Encrustulation And Its Discontents

Two somewhat related things:

Most of what we have to do to the new place, modulo the basement problem, is cosmetic, but it’s cosmetic work that’s been left undone for years. We rented an industrial carpet cleaner to go over the rugs, and the wastewater I poured out of it when I was done was practically black. I spent last weekend pulling down vines and cleaning out rain gutters, work that might not have been done in five years; they were full of what might have been plant matter once, but now it was topsoil.

At work, because I work in I.T., I routinely put my hands on more than a hundred computers a week; it’s part of the job, but I see the same thing there: neglect. Keyboards crusted with muffin crumbs and hand cream, sticky and blackening crusts forming around the edges of the keys, squating like vermin in offices that have an organic oil-slick sheen on those surfaces that aren’t matte with dust.

I had brief, awkward conversation with the people who sold the house we bought, and they mentioned that aside from the one room they repainted, they didn’t really do much to the place, and I thought, “man, I know!” Like I couldn’t tell just from pouring that black water down the drain how well you actually took care of your home. Which brings me to the core of today’s rant:

People of earth, clean up your space.

That decaying paste between your keys, that film all over your desk? That’s months or years of bread crumbs and hair follicles, spilled colas and snarfed cream-and-sugar coffees, and everything that’s taken up residence in it since. That grey dust in corners and around the edges of your shelves and papers? That’s dead skin, dandruff and hair, some yours, some not, and every time anyone’s coughed or sneezed nearby, your office has soaked it right up.

I’m no believer in holistic medicine, but I tell you this: this crap builds up in your environment; it is how people get sick and stay sick. You feel a little tired or a a little nauseous every single day? I can’t say I’m surprised. Wondering about that chronic cough you just can’t seem to shake? I don’t wonder at all; if your office looks like that, I’m willing to bet your house looks a lot like it, passable but grimy, with stuff building up in the places you don’t quite want to look. And you’re breathing it in, all night, every night.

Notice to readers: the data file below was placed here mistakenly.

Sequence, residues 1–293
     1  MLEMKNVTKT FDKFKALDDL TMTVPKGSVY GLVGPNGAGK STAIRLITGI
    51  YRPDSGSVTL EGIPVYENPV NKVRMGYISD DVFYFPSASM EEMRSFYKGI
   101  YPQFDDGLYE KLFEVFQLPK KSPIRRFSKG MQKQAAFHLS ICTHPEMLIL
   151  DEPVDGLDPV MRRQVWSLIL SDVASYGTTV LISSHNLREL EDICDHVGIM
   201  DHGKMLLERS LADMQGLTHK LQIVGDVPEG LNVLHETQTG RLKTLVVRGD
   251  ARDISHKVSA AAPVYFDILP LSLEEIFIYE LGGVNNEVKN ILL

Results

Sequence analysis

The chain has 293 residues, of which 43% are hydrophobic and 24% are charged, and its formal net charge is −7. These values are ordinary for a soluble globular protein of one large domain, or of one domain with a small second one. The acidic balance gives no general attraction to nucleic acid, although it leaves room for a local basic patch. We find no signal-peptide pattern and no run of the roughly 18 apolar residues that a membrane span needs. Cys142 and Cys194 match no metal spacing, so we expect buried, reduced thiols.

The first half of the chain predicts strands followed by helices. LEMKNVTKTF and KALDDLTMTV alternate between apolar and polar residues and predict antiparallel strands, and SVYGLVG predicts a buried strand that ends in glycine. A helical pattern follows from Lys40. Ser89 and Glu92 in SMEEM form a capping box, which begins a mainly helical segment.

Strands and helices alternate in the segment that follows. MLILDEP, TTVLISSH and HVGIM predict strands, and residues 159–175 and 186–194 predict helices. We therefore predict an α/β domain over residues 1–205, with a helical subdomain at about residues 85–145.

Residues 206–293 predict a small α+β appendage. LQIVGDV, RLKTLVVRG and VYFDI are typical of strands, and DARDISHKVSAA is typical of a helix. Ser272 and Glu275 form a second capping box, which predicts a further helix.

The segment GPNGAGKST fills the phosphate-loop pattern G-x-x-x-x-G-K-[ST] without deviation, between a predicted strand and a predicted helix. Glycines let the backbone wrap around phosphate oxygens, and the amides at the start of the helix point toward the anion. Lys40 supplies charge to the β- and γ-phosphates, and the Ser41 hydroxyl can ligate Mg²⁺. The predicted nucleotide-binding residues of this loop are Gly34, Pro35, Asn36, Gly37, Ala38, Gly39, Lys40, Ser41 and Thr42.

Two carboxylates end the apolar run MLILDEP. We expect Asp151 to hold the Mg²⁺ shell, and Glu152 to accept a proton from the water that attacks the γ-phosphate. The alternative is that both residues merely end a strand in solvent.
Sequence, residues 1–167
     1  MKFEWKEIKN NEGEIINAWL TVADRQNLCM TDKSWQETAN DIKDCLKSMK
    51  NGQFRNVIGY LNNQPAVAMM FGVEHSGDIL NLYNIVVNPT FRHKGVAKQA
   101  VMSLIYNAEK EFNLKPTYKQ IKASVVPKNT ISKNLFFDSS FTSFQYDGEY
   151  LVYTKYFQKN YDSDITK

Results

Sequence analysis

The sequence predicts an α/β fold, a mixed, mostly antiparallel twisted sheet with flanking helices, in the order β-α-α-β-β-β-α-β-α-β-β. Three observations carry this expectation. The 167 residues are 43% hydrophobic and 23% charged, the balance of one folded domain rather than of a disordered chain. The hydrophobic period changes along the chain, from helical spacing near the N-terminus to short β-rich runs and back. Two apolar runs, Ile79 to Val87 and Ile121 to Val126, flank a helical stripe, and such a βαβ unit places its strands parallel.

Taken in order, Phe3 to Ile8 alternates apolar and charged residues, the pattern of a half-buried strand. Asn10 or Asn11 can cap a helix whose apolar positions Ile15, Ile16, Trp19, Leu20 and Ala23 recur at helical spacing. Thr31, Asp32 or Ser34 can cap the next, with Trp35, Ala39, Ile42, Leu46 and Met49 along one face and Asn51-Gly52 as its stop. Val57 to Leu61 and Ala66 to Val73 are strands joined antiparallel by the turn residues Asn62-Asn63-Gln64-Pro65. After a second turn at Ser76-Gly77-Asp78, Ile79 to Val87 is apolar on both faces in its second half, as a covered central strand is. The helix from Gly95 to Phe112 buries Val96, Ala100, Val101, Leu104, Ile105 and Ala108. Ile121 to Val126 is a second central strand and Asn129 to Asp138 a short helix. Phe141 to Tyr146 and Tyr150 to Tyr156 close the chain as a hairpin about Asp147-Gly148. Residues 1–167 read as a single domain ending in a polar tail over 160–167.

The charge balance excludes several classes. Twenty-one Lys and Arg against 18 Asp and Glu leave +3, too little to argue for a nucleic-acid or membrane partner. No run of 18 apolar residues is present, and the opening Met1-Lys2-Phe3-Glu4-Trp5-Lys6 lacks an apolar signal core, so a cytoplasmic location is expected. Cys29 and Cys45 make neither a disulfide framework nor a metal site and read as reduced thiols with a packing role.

It’s easy to get into that state without realizing it; all you have to do is nothing. Occasionally, you should mean to get to that later! But that’s about it. All you have to do is relax into it, and you barely feel a thing – it’s a lot like freezing to death, really.

I’m hardly the cleanest person in the world, and I’m definitely not trying to drag the hypochondriacs out of the woodwork here, but virtually every office I’ve seen in this degenerate state, no matter how bad, didn’t need much more than a replaced keyboard, a bottle of windex and a roll of paper towels, at a cost of basically nothing. The hard part, of course, is deciding to do it. That involves actually confronting what you’ve allowed your environment to become, which can feel uncomfortably introspective. And we can’t have that! But I promise you, it’s so totally worth it. Feeling run down and vaguely ill every day? Look around, look really hard. How could getting out from under that not be worth five dollars worth of Windex and an hour of organizing?

I should confess here that I have ulterior motives beyond the raw, unfettered altruism for which I am so very widely known; I’m telling you all this today out of naked, gibbering self-interest. I’ll have to put my hands on that keyboard at some point, to push down keys caked grey with stale donut and ancient moisturizer, and be polite and professional the whole time, but I tell you: I think it’s damn disgusting. I mean, Jeebus, stop polluting your space like some diseased, mange-bitten animal soiling its cage and start acting like you’ve earned your spot at the top of the food chain. Seriously, the fact that you will feel immensely better about your workday and possibly your whole life is entirely secondary to me, so long as I don’t have to fight off another screaming case of the heebie-jeebies every time I touch your computer or wash my hands for ten minutes afterwards.

4 Comments

  1. Posted June 18, 2007 at 5:58 pm | Permalink

    I’m telling you all this today out of naked, gibbering self-interest. I’ll have to put my hands on that keyboard at some point, to push down keys caked grey with stale donut and ancient moisturizer, and be polite and professional the whole time, but I tell you: I think it’s damn disgusting.

    Dude, that’s not professional. Being professional is walking in to the office, slipping on a pair of disposable latex gloves, doing the deed, and then greasing your hands with purell before leaving. You should ask a doctor about how to be “professional” in this kind of situation.

    Me, on the other hand, I like the filth. I grew up in it, I’ve got it in me, and I’m now immune to just about everything except the Norwalk virus and tequila.

  2. Mike Hoye
    Posted June 18, 2007 at 9:32 pm | Permalink

    Let the record show that the only difference between your description of professionalism and mine here is that yours involves putting a hand into somebody’s ass.

  3. Posted June 18, 2007 at 11:31 pm | Permalink

    Man, the keyboards were always creepy. The user would be some perfectly hygienic-seeming person, and then you’d sit down and the keyboard and OMG. Pestilence!

  4. Posted June 19, 2007 at 4:30 pm | Permalink

    Professionals charge more for the hand than for just a finger, so practice your keigels and you’ll save a mint.